Friend's murder prompts Free State taxi driver to don a dress

The alleged perpetrator, the victim's former boyfriend, handed himself over to police after the killing and is due back in court on January 8.
The alleged perpetrator, the victim's former boyfriend, handed himself over to police after the killing and is due back in court on January 8.

Four Free State taxi drivers are trending on social media after they went to work last week dressed as women in a bid to highlight gender-based violence.

Speaking to SowetanLIVE's sister publication TimesLIVE on Wednesday, Mosala Mabeleng said it was losing a childhood friend to a gender-based crime that made him want to make a statement about the difficulties that women go through.

His friend was 24-year-old Pontsho Penene.

“She was stabbed to death, on the neck. She was stabbed several times. She and her attacker broke up a while ago and he kept insisting that they get back together, despite the fact that he had moved on and was with someone else. He would attack her whenever he would see her with a man,” said Mabeleng.

The alleged perpetrator handed himself over to police after the killing and is due back in court on January 8.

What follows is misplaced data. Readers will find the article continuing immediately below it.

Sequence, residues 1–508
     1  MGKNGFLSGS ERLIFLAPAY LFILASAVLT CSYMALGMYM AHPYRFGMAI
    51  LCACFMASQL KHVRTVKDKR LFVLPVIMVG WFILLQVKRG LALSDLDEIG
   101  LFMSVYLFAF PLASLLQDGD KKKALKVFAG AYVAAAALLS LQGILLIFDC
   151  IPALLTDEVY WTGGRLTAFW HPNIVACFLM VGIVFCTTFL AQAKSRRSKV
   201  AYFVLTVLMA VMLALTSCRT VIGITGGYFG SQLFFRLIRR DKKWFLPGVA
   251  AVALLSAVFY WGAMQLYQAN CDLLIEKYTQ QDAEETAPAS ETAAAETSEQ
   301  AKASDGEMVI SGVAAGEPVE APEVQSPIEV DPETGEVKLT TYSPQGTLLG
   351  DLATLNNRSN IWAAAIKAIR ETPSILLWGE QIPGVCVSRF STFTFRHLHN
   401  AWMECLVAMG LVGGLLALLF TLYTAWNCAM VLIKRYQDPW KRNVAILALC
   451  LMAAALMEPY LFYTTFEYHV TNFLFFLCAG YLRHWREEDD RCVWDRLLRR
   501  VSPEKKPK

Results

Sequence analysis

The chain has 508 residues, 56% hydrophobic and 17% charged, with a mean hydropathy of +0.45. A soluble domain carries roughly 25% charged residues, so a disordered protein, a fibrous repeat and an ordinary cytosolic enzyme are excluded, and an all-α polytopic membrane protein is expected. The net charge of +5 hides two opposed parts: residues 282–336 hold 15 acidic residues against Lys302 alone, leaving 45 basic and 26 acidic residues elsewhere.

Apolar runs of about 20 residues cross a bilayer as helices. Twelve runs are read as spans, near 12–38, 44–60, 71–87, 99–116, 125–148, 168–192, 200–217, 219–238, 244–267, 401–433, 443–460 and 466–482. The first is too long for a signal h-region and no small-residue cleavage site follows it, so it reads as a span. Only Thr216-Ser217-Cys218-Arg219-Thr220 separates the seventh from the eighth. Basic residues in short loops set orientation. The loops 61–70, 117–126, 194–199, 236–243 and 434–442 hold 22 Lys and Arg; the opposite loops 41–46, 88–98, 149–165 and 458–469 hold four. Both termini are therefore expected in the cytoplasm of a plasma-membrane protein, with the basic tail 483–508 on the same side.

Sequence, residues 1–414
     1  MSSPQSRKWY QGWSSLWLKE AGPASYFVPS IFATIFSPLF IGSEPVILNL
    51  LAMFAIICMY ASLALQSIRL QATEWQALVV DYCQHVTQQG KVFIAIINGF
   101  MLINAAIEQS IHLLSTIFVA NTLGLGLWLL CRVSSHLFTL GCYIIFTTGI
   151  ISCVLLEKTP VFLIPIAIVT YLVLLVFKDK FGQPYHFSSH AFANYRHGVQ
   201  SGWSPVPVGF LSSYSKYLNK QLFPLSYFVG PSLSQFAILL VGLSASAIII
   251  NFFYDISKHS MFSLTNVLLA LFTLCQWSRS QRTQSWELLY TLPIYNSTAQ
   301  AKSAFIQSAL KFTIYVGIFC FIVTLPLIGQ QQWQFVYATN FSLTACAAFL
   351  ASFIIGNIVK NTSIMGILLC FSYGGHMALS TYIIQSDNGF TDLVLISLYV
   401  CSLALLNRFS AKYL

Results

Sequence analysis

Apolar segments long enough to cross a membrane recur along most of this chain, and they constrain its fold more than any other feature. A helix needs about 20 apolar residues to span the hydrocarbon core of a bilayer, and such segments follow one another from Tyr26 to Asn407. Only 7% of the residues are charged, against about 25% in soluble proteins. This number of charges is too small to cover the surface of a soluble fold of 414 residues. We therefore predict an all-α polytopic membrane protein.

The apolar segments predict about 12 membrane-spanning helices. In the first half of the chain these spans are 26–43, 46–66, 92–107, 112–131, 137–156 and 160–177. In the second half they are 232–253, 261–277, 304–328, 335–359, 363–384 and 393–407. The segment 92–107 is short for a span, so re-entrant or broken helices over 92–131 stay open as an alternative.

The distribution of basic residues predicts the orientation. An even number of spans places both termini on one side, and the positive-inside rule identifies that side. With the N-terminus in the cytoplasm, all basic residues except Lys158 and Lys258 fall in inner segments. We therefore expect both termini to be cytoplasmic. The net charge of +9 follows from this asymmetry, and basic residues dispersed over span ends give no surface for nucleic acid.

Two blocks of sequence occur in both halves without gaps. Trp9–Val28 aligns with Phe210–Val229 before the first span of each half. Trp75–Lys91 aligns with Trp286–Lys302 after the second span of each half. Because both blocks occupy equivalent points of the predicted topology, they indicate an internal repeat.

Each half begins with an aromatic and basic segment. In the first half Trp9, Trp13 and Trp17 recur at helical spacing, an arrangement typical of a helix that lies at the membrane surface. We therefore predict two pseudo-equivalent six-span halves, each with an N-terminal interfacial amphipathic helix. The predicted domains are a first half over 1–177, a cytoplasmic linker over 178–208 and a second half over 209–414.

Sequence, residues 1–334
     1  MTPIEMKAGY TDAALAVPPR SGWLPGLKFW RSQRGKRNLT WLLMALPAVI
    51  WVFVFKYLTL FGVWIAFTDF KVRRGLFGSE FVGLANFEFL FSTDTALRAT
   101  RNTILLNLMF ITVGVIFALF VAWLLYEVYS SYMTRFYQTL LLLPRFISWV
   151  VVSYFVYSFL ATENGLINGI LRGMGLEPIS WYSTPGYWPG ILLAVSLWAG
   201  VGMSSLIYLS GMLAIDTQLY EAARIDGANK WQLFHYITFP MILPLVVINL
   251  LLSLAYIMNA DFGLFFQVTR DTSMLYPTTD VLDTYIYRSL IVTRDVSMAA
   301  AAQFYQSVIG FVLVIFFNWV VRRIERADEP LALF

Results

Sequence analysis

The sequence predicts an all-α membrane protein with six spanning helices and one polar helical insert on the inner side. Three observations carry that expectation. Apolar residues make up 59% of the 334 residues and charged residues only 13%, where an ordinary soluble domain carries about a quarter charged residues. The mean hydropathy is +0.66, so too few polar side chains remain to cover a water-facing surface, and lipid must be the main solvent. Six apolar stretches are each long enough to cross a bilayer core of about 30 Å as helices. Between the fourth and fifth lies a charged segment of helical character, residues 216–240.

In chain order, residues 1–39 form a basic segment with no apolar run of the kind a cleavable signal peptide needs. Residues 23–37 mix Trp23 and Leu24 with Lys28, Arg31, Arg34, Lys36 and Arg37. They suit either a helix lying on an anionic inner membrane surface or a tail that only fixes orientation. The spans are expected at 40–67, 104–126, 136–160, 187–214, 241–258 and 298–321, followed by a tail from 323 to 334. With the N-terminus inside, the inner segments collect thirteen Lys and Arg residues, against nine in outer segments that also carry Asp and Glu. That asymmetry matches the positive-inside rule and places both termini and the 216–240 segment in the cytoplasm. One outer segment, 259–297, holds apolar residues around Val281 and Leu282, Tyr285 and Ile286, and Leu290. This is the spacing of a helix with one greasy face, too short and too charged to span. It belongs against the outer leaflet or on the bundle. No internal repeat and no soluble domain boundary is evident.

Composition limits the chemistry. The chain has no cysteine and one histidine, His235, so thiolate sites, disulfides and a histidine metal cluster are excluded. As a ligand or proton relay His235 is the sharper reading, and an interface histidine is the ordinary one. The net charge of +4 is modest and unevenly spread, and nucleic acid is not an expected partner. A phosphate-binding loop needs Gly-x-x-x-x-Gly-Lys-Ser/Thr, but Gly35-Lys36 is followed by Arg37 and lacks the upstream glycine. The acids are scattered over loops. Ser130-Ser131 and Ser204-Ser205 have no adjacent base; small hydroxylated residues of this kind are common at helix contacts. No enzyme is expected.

Mabeleng, who is a driver from the Botshabelo taxi rank, known to the community as the Blue taxi rank, said he and his colleagues were disturbed by the growing scourge of violence against and killing of women.

“It has been prominent, especially this year,” he said.

Arriving at the taxi rank in wigs, dresses, lipstick and handbags, Mabeleng said to many of the taxi drivers, they were a joke.

“Some saw it as a joke, but others could see where we were coming from. Some called us names but in the end, many of them regretted not joining us,” he said.

“As the day commenced, I saw even those who were mocking us easing up a bit. They joined us as we paraded around the Botshabelo Mall,” Mabaleng added.

He said the passengers were mostly impressed.

“The passengers were happy. From the rank until they got off, my attire was the topic. It was a good thing, it was a good feeling. Some of the women were saying that we looked even better than them,” he laughed.

Mabeleng highlighted that taxi drivers did not have a good reputation but he had personally never seen a women being insulted at the taxi rank where he worked.

He said he had heard about incidents at the neighbouring taxi rank though.

“I have heard of incidents happening of women being insulted, others abducted and raped by taxi drivers. All of this ruins the reputation for taxi drivers and gives a bad name to the industry and men,” he said, adding that they were ashamed of such incidents. 

Mabeleng said them dressing up in this manner did have an impact, but more needed to be done.

“It was not enough. We want to make this a movement,” he said.

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